Turf BATTLE; burnley now in blues' sights - but it could leave sam with a euro quandary.
PERCEPTION can often have as much credence in football as bare, unadulterated facts.
Take the respective seasons of Burnley and Everton.
Nearly everyone is in agreement the Clarets have enjoyed an excellent campaign under Sean Dyche, whose stock has risen considerably as a result.
By contrast, the general consensus is the Blues have suffered the polar opposite, whether that be during the tutelage of the sacked Ronald Koeman, caretaker David Unsworth or incumbent Sam Allardyce.
Yet the latest Premier League table shows ninth-placed Everton are only two points off their Lancastrian rivals. Hardly the mammoth gulf everybody would assume.
Of course, there are plenty of reasons for those disparate outlooks, not least the fact Everton have spent almost PS200million to effectively go backwards.
But the narrowing of the gap between the clubs has given the Blues a new target for the remainder of the campaign.
When Allardyce was brought in two months ago, he was handed the immediate task of steering Everton away from the relegation zone.
While hardly convincing, it would now take a remarkable collapse for the Blues to again become embroiled in matters near the foot of the table.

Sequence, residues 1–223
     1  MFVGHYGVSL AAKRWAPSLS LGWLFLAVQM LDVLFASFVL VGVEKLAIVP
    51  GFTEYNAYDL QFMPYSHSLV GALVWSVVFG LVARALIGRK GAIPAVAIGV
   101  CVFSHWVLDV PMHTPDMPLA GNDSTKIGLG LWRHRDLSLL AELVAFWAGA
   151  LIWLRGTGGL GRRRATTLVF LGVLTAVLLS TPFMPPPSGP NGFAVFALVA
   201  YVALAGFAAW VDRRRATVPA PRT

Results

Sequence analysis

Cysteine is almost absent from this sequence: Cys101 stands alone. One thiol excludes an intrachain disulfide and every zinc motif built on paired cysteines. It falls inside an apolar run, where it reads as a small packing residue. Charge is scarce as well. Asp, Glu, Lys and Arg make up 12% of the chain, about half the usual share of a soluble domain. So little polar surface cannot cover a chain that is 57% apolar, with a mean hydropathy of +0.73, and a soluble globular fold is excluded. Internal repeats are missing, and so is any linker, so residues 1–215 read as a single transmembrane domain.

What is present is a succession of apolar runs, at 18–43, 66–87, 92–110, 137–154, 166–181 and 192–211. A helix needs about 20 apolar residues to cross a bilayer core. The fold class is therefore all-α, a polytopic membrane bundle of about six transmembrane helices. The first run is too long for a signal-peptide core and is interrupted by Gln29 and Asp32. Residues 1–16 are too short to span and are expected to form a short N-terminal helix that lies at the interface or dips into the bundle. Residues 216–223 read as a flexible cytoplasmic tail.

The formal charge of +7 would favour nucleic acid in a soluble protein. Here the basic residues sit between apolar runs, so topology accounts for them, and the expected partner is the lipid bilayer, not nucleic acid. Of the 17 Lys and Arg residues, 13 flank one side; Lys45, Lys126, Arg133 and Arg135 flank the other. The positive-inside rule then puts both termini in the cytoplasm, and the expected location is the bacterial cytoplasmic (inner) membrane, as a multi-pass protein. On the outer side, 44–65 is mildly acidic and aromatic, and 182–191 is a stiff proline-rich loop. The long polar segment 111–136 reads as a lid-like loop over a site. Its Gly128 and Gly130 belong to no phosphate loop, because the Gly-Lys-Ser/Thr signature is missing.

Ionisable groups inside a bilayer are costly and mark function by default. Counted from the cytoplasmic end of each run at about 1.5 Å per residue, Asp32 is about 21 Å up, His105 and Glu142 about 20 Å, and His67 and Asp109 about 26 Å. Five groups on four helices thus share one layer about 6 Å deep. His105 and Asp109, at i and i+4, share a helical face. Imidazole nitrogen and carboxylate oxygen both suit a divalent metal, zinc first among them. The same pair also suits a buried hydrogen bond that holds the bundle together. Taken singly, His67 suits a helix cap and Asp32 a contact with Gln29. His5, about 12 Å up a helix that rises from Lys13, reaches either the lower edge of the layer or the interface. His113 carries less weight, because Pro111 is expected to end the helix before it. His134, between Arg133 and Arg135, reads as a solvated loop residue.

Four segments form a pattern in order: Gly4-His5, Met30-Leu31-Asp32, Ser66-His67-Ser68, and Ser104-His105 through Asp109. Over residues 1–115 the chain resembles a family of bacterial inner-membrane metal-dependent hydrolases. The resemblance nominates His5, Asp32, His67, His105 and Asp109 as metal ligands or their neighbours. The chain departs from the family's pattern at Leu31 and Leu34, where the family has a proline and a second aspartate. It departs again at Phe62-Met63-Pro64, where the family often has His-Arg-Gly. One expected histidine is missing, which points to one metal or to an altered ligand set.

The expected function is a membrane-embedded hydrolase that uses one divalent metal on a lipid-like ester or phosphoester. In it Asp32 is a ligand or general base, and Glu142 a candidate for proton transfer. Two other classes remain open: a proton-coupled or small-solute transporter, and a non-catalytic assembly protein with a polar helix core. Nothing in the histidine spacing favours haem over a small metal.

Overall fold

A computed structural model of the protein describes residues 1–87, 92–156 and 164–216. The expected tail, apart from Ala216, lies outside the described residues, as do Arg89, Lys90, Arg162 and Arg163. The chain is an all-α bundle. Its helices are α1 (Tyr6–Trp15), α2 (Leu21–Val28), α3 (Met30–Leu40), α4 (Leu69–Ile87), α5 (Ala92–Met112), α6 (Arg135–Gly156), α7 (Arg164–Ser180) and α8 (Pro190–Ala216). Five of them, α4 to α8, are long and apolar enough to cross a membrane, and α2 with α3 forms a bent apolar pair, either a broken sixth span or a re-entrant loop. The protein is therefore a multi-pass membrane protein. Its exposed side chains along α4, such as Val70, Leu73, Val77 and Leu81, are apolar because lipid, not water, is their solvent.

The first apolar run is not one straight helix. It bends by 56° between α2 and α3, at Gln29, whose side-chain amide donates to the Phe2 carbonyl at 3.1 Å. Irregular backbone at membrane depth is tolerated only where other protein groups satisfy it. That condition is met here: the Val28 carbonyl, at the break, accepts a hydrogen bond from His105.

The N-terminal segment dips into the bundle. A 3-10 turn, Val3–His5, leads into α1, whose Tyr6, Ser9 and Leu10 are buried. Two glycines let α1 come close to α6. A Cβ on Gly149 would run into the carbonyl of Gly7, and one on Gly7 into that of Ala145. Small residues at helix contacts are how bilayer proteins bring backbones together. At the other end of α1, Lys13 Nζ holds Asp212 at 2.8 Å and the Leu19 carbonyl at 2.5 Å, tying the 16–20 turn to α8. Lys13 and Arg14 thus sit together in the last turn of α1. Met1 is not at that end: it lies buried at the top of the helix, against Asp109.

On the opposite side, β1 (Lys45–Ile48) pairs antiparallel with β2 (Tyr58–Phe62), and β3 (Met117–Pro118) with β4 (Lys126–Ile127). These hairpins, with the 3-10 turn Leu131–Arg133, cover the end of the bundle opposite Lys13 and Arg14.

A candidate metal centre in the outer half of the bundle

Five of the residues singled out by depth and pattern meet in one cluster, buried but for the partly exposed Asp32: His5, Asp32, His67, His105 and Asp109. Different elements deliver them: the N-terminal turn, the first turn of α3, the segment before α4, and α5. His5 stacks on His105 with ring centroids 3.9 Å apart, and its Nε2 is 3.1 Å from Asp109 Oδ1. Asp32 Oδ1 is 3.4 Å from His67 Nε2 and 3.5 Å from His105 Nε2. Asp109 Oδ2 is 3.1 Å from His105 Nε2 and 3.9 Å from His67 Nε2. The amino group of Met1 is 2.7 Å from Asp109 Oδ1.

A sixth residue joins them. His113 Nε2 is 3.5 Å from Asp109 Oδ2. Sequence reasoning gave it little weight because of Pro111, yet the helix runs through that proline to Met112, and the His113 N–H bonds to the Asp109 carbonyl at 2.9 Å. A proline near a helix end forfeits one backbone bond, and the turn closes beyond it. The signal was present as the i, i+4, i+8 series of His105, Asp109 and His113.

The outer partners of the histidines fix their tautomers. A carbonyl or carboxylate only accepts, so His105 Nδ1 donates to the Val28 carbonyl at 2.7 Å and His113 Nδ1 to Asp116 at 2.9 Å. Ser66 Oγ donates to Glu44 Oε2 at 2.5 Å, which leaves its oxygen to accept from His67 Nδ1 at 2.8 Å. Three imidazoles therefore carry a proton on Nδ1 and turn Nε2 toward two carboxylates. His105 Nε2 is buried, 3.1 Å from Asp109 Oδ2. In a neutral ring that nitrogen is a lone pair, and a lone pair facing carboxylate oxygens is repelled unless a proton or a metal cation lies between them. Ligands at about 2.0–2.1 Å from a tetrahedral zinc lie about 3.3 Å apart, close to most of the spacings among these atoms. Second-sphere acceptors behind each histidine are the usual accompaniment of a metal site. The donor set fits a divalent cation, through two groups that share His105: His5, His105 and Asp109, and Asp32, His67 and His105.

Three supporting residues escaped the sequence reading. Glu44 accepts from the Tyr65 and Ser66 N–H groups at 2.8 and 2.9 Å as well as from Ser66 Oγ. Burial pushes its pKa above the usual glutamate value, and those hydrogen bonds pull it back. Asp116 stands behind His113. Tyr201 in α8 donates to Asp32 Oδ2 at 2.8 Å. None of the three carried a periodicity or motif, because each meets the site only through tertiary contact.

Instead, Saturday's 3-1 win over Crystal Palace has prompted many Evertonians to start looking upwards rather than nervously over their shoulders.
Once again, being best of the rest behind the top six is the aim.
And that could leave Everton in a familiar quandary.
Should one of Manchester United, Tottenham Hotspur, Chelsea and Manchester City win the FA Cup, seventh will, like last term, see the Blues having to negotiate the qualifying rounds of the Europa League.
Such an early start to the competitive season robbed Koeman of valuable time on the training field with his new-look squad and, while the results on-field were positive, the general belief is the Blues would have been better off without such a schedule.
As for the competition proper itself, Everton's Europa League experience was termed a "disaster" by Blues legend Kevin Ratcliffe this week, with just one win in six group games and three heavy beatings.
At previous clubs, Allardyce has hinted the Europa League could be a hindrance to Premier League progress, even if he reached the knockout stages with Bolton Wanderers in his solitary season in charge in the competition's predecessor the UEFA Cup. Indeed, a medical appointment meant the Blues boss didn't even attend this season's group dead rubber at Apollon Limassol.
Allardyce, you suspect, would be happy if Everton were spared the inconvenience of those qualifying rounds in July and August.
That, though, is a view unlikely to be shared by the travelling Evertonians who revel in their European away days.
And a proper tilt at the Europa League has served English sides well in recent years.
Liverpool reached the final in 2016, Manchester United lifted the trophy last term and Arsenal remain among the front-runners this time around.
Everton are better off in Europe than not.
And while Allardyce and his staff could well harbour reservations, if the Blues want to continue growing their profile, seventh must now be the target without hesitation.
Sam Allardyce (left) alongside Crystal Palace manager Roy Hodgson during Everton's 3-1 win on Saturday